You cannot call Form.Close while the form is being loaded. If you really need to exit the application before the form is loaded, use Application.Exit. Once the form is loaded, Form.Close is okay to call but won't work (due to bugs in the message pump, apparently) if exceptions were thrown in the UI thread while the form was loading. Instead, call Application.Exit in the event this problem occurs. Otherwise, calling Form.Close on the main application window will close the Form and continue with any statements in the Main entry point.
You can't call it in the constructor, either. You should read about Windows Forms programming in the .NET Framework SDK. Some previous experience with Win32 and the Windows Management APIs would be helpful with understanding the message pump. In this case, however, the application pump hasn't started. See the line:
This is actually broken down to something similar to the following when compiled:
FCMain form = new FCMain();
Therefore, you should throw an exception from your constructor and handle put a try/catch around the statement above. This will not, however, catch other exceptions unless a SystemException is thrown that causes the main form to crash and returns execution to the entry point.
A better design, however, is to move whatever code causes the need to exit out of the FCMain form's constructor and put it in the entry point (or a method that the entry point calls).
Ah, I see.
The problem is that when you use Form.Show(), it creates a global form, not a child form.
You either need to set the Parent property manually (which will also put the second form "into" the first form visually) or create a modal form using Form.ShowDialog().
What happens now when version 2.0 tries to read files written using version 1.0 is that an exception is thrown. What is the most elegant way to handle this? Am I forced to implement ISerializable and do all member serialization myself?
Wenn ist das Nunstück git und Slotermeyer? Ja! Beierhund das oder die Flipperwaldt gersput!
To upgrade a serialized document, extend SerializationBinder and override BindToType to bind one version of a Type (passed as a string so you don't have to load older assemblies) to the new Type in your assemblies. See the documentation for the SerializationBinder for more information. You assign this to the IFormatter.Binder property of your formatter, like the SoapFormatter, before deserializing.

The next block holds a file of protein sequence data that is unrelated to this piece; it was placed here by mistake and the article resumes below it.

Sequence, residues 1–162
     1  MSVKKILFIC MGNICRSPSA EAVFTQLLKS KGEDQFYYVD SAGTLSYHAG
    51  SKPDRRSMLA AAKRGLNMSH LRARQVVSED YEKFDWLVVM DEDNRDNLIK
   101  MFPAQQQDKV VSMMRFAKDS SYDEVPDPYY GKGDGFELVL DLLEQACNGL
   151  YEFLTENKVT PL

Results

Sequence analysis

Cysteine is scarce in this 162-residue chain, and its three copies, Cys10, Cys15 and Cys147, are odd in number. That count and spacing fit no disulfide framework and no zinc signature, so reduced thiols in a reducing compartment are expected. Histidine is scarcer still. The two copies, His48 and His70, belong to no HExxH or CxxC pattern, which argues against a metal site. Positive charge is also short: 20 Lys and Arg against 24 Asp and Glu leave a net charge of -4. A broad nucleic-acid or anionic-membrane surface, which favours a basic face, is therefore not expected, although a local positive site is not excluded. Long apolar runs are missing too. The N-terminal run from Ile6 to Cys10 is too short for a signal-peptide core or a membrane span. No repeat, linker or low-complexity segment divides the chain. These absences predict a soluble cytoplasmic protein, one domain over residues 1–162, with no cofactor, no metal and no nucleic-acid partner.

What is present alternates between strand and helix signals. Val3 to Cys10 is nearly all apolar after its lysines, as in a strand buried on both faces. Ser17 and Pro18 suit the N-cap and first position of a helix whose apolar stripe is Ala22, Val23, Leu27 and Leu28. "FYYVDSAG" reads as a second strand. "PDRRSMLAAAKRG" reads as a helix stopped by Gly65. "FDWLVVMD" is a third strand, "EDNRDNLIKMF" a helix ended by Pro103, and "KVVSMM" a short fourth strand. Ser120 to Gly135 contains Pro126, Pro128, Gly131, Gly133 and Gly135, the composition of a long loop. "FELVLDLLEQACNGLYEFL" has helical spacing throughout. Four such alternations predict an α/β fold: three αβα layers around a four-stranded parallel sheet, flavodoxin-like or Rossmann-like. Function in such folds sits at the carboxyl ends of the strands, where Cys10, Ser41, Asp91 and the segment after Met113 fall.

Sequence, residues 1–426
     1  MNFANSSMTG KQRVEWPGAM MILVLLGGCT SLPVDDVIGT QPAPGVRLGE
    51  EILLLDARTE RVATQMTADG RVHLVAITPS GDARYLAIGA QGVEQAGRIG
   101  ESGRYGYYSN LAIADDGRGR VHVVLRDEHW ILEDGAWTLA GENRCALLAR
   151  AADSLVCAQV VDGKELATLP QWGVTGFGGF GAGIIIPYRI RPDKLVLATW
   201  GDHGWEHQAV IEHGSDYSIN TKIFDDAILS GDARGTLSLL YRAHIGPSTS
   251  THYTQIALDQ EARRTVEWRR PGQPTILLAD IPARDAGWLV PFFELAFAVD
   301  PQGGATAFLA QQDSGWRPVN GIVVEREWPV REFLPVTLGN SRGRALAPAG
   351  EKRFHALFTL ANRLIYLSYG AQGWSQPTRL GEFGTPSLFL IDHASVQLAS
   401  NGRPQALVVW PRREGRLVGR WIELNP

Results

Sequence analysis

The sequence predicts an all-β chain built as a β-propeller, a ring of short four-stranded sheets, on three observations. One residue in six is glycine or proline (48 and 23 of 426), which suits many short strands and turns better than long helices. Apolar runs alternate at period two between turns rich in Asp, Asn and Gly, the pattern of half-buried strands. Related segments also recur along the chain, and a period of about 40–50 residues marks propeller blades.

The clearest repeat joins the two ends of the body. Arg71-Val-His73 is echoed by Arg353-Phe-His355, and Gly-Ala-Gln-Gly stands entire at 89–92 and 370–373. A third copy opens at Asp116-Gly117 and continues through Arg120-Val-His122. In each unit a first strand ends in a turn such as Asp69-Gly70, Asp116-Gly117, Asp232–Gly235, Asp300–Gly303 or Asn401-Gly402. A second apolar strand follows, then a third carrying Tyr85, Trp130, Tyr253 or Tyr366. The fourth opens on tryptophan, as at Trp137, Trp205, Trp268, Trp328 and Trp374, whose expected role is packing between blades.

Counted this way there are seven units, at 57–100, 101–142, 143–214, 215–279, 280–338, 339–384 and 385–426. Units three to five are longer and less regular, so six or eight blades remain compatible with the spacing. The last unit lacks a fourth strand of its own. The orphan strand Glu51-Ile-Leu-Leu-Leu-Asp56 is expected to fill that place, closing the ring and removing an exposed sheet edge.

On that note, if you're serializing Types for .NET Remoting, you can set the includeVersions to false (either via the .config or the Properties for the formatter sink) so that versions aren't included when serializing an object graph to send across application boundaries.
There was a discussion not long ago about GDI+ squishing characters together at the end of a sentance when NoWrap was used (or a couple other conditions were true). This lead to a topic on MSDN about why it does that and the proper StringFormat to use to eliminate that (StringFormat.GenericTypographic). Try to use the same flags as that if possible.
As far as spaces appearing between letters, this is fairly odd. I've never seen this when drawing my own strings and have never seen anything documented to even control this. Either the text you're passing has spaces (inproper Unicode string?) or the font you're using has some issues. Try a different one and see.
The latest programs use only one process for several application instances. An example is Microsoft Word. When you run it for the first time it creates a process and an empty document. When you run the executable for the second time (while first instance still running) then it doesn’t create a new process. It tells somehow to the first process to create just a new empty document. In this manner the program uses lower resources. How to implement it under .NET?
Is there some reading on how to organize the initial ideas, for a fairly large software (a graphics software, estimated to take about six months). I feel at loss, not having a computer science background.
Last Visit: 31-Dec-99 18:00 Last Update: 1-Oct-23 19:11